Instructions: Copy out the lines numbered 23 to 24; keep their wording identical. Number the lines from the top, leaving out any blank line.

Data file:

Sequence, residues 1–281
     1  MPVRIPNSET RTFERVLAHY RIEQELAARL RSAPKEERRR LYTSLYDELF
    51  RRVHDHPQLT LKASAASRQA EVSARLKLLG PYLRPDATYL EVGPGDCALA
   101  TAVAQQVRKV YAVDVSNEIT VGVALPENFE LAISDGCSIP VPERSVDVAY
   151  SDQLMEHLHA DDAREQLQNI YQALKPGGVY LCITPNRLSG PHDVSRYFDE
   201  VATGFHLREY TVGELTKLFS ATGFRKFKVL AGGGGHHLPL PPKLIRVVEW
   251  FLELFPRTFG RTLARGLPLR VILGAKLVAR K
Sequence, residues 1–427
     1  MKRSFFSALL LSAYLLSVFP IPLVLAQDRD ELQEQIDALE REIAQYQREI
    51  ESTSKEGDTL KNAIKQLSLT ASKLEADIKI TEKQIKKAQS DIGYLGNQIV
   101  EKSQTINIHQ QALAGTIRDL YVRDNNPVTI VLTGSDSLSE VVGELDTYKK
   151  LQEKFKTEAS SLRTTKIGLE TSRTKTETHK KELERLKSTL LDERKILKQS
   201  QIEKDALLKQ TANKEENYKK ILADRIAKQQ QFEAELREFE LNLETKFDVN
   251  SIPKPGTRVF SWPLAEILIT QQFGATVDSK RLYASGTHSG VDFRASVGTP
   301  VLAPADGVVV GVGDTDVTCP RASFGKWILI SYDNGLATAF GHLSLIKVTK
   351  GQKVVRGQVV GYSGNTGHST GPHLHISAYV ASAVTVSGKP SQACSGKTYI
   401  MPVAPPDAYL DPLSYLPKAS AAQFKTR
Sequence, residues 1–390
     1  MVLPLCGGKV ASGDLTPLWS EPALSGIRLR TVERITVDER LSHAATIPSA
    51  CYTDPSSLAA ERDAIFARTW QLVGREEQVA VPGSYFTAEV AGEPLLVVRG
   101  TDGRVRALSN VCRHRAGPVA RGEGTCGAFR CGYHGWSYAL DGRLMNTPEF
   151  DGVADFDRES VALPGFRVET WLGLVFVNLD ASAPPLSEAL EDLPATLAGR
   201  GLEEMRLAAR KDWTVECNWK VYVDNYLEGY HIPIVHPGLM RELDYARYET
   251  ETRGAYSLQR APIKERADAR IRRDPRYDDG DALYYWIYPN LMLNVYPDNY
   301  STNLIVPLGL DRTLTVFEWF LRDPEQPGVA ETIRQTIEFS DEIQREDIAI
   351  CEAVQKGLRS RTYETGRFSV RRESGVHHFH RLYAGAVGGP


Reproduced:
   201  GLEEMRLAAR KDWTVECNWK VYVDNYLEGY HIPIVHPGLM RELDYARYET
   251  ETRGAYSLQR APIKERADAR IRRDPRYDDG DALYYWIYPN LMLNVYPDNY